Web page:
Measured from center to center, hollows 420 are spaced apart by about a distance of 8.25 inches and the length of solid foam material between hollows 420 is approximately 6 inches. Similar to the device shown in FIG.1, hollows 420 have a minor axis of 2.25 inches and a major axis of 2.5 inches. Dividers 426 separating hollows 420 from 422 are each an inch wide; and the length of a perpendicular line 438 as measured from the base of each hollow 422 to their respective apexes is 4.25 inches; the base of each triangular hollow 422 is 5.5 inches long. Again similar to the pillow of FIG. 1, the four hollows of FIG. 4 are all located on the longitudinal axis 432 of pillow body 412 such that the minor axes of hollows 420 and lines 438 bisecting hollows 422 are co-linear with the longitudinal axis 432. Pillow 410 is approximately 24 inches long, 13 inches wide, and 4-6 inches high or more. If the pillow is constructed of foam pieces laminated together, it is preferable that the two pieces are of similar dimensions.
In this embodiment, all corners 440 of the pillow are rounded to facilitate placement of the pillow into a pillow case and to prevent eye injuries in the event the pillow is used without a pillowcase. In the event a pillowcase is not used, it is preferred, for purposes of comfort, that the pillow be provided with smooth exterior surfaces. It is preferable to use a pillowcase with all the disclosed embodiments. Conventional standard, queen, and king pillowcases can be used with pillow 410, as the dimensions of pillow 410 will serve to retain it in such a pillowcase.
The pillows of the embodiments shown and described are first manufactured as a solid piece of foam as is known in the art. The foam is cut to size and then either manually, or preferably mechanically sculptured, to create hollows, to round corners and /or to further sculpt the pillows, and then laminated if desired. In general, the surfaces of the pillows are planar, but it may be advantageous to alter a planar surface. For instance, the pillows in the embodiment shown in FIG. 4 are optionally sculpted to create a shallow well or crevice 446 in the area between hollows 420, i.e., about the point of intersection of the two axes. Well 446 may be about 5.8 to 7 inches in length as measured on the vertical axis 434 and about 4-6 inches in length as measured on the horizontal axis 432. In this manner a person resting in the supine position can position his head within well 446 and with little or no effort assume a side position such that the ear, cheek and nose of the person become positioned in hollows 420 and 422.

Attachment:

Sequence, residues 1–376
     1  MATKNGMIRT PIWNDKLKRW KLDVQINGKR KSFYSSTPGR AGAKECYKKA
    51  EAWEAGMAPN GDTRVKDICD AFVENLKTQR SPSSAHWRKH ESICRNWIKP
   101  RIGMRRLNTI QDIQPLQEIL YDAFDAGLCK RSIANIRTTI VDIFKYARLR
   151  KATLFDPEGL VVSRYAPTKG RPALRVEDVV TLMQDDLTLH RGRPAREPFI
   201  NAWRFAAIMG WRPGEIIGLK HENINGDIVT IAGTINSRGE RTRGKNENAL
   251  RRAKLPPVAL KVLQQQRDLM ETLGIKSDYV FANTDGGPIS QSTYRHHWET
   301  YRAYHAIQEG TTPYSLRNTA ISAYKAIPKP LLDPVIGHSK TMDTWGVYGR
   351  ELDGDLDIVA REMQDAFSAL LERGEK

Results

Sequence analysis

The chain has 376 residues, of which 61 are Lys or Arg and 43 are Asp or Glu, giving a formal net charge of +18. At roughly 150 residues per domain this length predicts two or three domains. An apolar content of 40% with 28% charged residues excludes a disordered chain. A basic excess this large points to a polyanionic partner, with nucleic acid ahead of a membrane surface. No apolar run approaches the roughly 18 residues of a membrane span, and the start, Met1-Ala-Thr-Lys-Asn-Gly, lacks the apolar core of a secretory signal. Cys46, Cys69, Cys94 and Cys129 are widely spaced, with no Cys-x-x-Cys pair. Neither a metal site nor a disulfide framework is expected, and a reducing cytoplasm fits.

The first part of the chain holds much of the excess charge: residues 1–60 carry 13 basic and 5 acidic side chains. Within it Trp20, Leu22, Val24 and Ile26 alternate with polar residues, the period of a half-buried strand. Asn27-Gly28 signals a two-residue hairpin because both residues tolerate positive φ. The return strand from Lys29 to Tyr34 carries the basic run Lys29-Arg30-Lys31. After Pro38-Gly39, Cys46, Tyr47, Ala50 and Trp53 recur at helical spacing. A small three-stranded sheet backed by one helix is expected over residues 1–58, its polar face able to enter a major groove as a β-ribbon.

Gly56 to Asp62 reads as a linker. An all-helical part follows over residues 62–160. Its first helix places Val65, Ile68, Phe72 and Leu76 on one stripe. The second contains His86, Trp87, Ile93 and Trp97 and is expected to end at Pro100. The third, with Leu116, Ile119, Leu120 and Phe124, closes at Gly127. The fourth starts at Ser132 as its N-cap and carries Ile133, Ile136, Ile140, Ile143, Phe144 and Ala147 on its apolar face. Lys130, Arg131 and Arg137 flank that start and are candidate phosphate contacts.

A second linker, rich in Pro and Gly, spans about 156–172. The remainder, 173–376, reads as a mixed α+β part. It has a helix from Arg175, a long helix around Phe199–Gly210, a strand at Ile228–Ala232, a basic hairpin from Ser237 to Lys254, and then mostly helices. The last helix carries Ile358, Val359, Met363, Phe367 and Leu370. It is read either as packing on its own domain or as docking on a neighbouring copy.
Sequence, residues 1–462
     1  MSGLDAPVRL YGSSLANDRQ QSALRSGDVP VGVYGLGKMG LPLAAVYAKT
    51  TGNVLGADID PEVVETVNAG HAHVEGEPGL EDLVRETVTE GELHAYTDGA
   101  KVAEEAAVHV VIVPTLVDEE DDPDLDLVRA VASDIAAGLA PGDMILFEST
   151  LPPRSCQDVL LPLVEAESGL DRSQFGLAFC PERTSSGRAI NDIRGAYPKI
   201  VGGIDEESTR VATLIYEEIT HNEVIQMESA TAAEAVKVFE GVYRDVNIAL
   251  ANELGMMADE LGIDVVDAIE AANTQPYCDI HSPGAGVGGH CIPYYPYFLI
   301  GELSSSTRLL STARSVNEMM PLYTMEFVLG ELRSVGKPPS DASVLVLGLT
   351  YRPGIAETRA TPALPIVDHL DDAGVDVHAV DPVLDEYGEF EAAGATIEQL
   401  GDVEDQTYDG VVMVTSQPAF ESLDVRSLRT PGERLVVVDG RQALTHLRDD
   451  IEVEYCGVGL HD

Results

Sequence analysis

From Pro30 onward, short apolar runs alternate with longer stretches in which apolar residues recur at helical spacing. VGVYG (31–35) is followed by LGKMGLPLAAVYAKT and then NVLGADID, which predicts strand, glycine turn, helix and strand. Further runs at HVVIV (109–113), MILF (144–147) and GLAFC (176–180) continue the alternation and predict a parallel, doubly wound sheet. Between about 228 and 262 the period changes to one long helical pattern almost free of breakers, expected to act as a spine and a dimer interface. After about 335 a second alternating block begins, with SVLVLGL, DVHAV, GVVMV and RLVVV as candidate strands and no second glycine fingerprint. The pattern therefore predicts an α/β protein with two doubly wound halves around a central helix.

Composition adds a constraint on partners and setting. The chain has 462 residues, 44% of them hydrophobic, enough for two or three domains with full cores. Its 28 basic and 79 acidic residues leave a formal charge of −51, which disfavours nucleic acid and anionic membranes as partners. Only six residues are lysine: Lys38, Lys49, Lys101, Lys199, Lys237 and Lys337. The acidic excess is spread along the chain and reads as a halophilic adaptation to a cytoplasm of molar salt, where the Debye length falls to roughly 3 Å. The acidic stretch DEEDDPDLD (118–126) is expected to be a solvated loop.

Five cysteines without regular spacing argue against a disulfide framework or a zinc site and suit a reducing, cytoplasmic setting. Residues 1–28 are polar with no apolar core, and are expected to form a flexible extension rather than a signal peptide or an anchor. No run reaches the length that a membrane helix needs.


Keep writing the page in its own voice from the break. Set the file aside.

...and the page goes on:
The figures and description of the several embodiments above, are solely for purposes of illustration and are not intended to limit the invention in any way. The invention is limited to the claims appended hereto as well as equivalents thereof.
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|U.S. Classification||5/636, 5/490, 5/638|
|Mar 18, 1997||AS||Assignment|
Owner name: ULTRADERMA, LTD., NEW YORK
Free format text: ASSIGNMENT OF ASSIGNORS INTEREST;ASSIGNOR:BOYD, ARDIS M.;REEL/FRAME:008498/0621
Effective date: 19970318
|Apr 12, 2002||FPAY||Fee payment|
Year of fee payment: 4
|Jul 5, 2006||REMI||Maintenance fee reminder mailed|
|Dec 15, 2006||LAPS||Lapse for failure to pay maintenance fees|
|Feb 13, 2007||FP||Expired due to failure to pay maintenance fee|
Effective date: 20061215